This is a transcript from the December 9, 2018 sermon, so it contains the character of live, spoken communication.
We are in a season of waiting. We are doing a series called Christmas Playlist. We are talking about the music in the Christmas season that informs how we feel or what we think about it. Russ spoke last week about O Little Town of Bethlehem. I think this week we're going to jump off of that to "Come, thou long-expected Jesus."
There's a sense that we're waiting for the birth of Christ and that there is anticipation. That there is a deep longing for this child that shows up. Today, we're going to talk about, "what does it mean to wait?". Because most of the time when we think of waiting, we think of stuff like this: waiting in the waiting room at the doctor or someplace that your life's just on hold until that person calls your name. Maybe we think about it at a theme park.
Now maybe for kids, this is exciting. This is a way of anticipating the ride, but maybe for adults, especially if you're at Disney world, you're in Florida, you don't want to wait in that heat for a long time. Does this look familiar to anybody?
I bet some of us have spent many hours in this type of room at the DMV waiting for your number to be called. For some of us, there's even this type of waiting where just everything is on pause until something happens.
I remember when I would connect on the Internet growing up sometimes if somebody was on the phone or they're expecting a fax, it made a weird sound, right? Then my parents would get mad at me and they're like, "We're on the phone, you can't get on the Internet." What a world we live in now?
These are the different types of waitings. When we think of waiting, we're just waiting for something to happen. This type of waiting can create an apathy in us. We just don't care. We're just waiting for it to happen. We're just going to sit and do nothing.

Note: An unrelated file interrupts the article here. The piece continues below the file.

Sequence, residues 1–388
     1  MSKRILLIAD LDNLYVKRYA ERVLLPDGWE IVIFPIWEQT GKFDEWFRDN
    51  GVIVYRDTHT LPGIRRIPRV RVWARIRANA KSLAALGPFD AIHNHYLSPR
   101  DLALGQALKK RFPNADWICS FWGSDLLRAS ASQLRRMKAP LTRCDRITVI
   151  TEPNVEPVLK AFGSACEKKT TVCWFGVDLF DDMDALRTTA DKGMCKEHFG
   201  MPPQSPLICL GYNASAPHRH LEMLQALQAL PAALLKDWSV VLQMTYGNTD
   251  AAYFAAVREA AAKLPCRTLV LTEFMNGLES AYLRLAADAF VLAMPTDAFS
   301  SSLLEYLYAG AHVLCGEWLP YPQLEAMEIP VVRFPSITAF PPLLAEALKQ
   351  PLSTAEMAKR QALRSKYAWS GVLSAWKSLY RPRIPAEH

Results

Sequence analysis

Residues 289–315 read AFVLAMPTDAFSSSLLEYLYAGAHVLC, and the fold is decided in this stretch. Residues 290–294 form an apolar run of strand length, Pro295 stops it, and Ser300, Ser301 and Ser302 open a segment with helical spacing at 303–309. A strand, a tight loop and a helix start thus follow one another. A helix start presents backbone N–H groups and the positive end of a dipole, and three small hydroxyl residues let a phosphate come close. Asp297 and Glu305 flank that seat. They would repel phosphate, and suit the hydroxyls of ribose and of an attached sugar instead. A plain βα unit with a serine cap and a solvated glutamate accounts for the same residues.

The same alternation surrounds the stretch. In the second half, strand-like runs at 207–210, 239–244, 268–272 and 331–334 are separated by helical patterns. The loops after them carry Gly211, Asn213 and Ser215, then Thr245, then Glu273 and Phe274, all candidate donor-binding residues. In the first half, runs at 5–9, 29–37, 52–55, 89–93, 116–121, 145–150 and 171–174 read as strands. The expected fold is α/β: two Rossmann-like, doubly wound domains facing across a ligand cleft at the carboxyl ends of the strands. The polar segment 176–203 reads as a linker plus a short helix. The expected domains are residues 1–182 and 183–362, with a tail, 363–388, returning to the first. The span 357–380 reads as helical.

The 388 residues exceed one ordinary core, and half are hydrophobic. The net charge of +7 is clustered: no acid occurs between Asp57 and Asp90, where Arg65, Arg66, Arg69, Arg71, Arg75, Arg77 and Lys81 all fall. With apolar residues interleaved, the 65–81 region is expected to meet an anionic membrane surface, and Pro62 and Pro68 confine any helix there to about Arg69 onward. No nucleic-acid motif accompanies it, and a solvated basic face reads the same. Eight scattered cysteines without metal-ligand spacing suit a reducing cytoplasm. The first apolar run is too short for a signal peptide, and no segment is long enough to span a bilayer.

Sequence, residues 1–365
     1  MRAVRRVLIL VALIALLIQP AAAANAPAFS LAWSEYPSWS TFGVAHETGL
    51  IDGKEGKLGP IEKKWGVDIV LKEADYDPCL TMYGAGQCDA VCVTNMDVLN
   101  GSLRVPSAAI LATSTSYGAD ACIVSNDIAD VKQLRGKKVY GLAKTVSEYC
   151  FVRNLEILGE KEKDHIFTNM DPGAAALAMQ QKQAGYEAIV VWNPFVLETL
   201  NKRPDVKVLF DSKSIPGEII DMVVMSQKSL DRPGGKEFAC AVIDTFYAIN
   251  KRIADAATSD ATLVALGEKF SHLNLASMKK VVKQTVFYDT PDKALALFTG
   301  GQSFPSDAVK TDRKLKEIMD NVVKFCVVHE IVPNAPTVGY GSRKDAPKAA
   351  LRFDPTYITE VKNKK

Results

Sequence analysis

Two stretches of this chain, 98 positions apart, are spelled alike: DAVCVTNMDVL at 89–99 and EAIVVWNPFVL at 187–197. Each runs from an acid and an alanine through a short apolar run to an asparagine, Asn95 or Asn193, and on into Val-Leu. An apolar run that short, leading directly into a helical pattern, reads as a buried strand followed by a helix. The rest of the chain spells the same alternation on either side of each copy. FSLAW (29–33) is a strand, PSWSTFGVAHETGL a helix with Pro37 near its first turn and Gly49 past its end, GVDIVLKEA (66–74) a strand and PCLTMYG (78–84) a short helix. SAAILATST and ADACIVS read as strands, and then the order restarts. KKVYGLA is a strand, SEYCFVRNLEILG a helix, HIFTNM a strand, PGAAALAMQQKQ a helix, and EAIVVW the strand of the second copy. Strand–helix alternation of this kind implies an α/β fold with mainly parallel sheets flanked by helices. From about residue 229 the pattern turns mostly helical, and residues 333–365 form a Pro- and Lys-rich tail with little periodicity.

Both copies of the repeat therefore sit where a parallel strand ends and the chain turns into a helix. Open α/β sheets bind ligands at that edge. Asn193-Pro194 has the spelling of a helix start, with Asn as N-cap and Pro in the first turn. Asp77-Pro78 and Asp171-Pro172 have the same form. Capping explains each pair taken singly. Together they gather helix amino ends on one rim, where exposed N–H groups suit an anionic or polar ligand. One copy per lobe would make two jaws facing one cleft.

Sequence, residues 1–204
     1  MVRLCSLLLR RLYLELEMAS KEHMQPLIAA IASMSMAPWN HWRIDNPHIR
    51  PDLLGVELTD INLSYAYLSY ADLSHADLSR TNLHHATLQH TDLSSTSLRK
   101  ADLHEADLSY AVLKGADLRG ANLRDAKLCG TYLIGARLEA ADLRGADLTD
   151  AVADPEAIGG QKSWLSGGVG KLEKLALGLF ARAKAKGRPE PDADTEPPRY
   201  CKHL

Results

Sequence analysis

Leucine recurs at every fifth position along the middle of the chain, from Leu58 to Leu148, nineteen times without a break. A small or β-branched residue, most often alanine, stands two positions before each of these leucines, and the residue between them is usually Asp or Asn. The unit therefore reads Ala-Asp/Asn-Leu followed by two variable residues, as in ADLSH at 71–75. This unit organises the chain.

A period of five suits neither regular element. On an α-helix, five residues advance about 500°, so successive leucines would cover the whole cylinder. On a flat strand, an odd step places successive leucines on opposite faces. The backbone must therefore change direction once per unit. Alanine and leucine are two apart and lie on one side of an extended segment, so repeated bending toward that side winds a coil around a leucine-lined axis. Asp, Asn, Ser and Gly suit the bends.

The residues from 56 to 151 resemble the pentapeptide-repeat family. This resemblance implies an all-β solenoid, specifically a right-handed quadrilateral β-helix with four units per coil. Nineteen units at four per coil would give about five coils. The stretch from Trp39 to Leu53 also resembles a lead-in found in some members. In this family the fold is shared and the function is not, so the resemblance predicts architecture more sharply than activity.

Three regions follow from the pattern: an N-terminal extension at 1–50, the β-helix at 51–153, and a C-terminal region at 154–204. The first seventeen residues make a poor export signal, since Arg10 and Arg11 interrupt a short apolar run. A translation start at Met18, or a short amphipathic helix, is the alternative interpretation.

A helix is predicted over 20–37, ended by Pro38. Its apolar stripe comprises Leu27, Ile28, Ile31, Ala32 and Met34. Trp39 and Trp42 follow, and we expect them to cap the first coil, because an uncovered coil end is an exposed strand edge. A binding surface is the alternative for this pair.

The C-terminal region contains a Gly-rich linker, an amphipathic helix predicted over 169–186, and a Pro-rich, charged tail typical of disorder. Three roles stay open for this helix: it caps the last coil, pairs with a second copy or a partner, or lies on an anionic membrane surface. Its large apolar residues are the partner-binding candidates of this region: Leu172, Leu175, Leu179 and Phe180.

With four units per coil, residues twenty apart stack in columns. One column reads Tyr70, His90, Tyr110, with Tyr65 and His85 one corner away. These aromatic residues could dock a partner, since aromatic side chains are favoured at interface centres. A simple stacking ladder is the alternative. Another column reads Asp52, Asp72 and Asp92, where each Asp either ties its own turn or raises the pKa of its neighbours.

It's waiting that makes us give up to wail and despair situations that you may have in your own life where it feels like you've been waiting for something to happen for so long that now you really don't have any more hope for it. You're done, you're in despair. It's a waiting that beats us down. Maybe it's somebody, a loved one who's battling addiction.
Maybe it's waiting for your boss or your employer to recognize the good work that you do. These are the types of waiting that makes us feel like there's no hope left. Our scripture today, it comes from Isaiah. Isaiah 4, 1 through 5.
He says this: “Comfort, oh comfort my people,” says your God. “Speak softly and tenderly to Jerusalem, but also make it very clear, that she has served her sentence, that her sin is taken care of— it's forgiven. She’s been punished enough and more than enough, and now it’s over and done with.” Thunder in the desert! “Prepare for GOD’s arrival. Make the road straight and smooth, a highway fit for our God. Fill in the valleys, level off the hills, smooth out the ruts, clear out the rocks. Then God’s bright glory will shine and everyone will see it. Yes. Just as God has said.”
The Israelites failed to be the people of God. Now they're in captivity, they're in the Babylonian captivity. They've been rescued by God once out of Egypt, but now they are slaves again. I would say, Israelis are in this moment of despair and now they're waiting and wondering if God is even going to show up.
Their questions are, probably:
did they have a future?
Would God work in their midst or simply abandon them?
Could God act anymore, or was God done with them?